“I can only imagine the pain of a parent who has had a son or daughter murdered and then finds out the perpetrator cannot be brought to justice,” Jones said. “I want to do a complete review of the statute of limitations and plan to increase some of the times. We keep lengthening the period that someone can be freed from a conviction because of modern science such as DNA testing. Certainly we should also lengthen the time that a crime can be charged.”

Senators: Caylee Anthony case reiterates need to criminalize not reporting a dead body in Michigan

LANSING—State Sens. Tonya Schuitmaker and Rick Jones today called on lawmakers to approve legislation that makes it illegal to not report the discovery of a dead body in Michigan.

The measure, Senate Bill 231, sponsored by Schuitmaker, would make it a misdemeanor punishable by up to a year in prison and a $1,000 fine. It would also make it a felony of up to 5 years and a $5,000 fine for not reporting a dead body with the intent to hide or conceal that death or cause of death.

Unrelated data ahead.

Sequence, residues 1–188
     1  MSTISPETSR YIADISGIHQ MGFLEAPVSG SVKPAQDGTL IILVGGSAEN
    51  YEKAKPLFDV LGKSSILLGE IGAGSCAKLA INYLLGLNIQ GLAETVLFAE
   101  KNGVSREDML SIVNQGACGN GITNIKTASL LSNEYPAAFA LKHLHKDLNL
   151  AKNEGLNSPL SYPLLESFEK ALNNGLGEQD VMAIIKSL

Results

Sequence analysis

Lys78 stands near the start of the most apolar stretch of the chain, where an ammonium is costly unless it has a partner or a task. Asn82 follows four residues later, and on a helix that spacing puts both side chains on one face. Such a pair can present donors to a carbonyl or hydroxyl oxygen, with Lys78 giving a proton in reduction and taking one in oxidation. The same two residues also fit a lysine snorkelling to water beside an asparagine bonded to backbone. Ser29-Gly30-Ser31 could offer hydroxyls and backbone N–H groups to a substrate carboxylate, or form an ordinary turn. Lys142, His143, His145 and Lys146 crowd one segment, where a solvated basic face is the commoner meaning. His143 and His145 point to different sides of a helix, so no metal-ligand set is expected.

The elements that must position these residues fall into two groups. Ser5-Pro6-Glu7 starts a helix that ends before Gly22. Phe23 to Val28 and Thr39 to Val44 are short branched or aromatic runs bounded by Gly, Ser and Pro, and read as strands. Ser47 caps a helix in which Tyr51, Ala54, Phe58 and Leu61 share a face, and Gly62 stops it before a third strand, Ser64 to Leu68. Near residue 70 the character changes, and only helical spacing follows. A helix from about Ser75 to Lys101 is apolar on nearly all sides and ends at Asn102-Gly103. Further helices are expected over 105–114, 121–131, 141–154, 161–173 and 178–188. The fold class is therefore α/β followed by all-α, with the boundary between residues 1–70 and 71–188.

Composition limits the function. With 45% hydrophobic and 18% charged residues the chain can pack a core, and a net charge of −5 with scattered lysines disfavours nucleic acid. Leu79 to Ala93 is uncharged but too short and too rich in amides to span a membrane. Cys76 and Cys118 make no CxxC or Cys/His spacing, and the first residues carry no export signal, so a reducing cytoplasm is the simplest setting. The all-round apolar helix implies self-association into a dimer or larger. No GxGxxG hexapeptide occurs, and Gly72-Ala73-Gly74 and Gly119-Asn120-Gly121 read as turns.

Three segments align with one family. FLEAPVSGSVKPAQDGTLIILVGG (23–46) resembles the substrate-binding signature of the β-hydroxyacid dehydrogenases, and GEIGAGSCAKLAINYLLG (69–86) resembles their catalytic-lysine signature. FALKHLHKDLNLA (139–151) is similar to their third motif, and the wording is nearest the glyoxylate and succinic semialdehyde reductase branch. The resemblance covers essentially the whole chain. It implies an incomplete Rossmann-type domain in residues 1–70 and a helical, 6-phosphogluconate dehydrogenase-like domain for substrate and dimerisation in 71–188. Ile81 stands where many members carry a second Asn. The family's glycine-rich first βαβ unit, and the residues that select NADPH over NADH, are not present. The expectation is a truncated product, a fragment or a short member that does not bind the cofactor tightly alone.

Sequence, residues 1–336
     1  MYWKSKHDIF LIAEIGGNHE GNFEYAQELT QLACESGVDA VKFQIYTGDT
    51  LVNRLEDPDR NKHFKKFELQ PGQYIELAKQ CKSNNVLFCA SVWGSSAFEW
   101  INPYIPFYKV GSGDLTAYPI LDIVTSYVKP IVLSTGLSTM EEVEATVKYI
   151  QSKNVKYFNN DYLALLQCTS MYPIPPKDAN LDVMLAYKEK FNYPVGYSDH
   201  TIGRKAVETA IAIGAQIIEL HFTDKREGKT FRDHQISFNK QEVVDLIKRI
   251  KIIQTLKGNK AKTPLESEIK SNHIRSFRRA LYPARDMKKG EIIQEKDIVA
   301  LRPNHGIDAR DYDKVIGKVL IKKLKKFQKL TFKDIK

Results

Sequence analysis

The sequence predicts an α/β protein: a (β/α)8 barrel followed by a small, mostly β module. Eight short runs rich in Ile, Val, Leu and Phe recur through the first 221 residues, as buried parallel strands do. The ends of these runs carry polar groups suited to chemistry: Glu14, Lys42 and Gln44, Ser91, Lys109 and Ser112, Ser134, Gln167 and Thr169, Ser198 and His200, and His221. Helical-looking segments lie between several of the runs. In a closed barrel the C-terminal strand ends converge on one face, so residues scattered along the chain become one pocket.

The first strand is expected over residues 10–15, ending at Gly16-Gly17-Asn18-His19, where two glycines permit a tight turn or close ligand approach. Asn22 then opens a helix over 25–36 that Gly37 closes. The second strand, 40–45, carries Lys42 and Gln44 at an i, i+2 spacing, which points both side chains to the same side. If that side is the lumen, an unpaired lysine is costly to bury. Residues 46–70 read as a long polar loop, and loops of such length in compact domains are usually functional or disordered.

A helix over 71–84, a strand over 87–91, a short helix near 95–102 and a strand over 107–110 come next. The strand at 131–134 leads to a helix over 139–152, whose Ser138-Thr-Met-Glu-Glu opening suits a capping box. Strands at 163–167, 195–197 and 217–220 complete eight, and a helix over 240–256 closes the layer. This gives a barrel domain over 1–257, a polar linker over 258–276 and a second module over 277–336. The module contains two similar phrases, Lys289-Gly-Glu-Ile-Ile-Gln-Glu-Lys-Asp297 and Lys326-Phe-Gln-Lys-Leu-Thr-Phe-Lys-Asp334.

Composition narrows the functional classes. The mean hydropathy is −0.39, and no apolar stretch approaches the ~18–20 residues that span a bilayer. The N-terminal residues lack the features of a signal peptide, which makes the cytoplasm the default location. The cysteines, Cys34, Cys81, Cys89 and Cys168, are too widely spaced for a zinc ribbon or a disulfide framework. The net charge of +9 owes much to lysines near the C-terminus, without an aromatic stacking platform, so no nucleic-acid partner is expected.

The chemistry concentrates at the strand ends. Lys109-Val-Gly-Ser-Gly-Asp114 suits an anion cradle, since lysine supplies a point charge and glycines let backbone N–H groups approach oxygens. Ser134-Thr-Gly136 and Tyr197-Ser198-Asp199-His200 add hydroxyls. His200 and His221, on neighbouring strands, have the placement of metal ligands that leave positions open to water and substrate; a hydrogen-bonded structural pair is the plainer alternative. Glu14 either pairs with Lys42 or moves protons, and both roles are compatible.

“The case of little Caylee Anthony’s death breaks my heart,” said Schuitmaker, R-Lawton. “That she was left missing, dead and unreported for a month before being discovered is a horrible tragedy. While we can’t prevent bad parenting, we certainly can help bring justice to those that deserve it, and we are working together to ensure a case like this doesn't happen here in Michigan.”

Jones chairs the Senate Judiciary Committee, which approved the bill in May.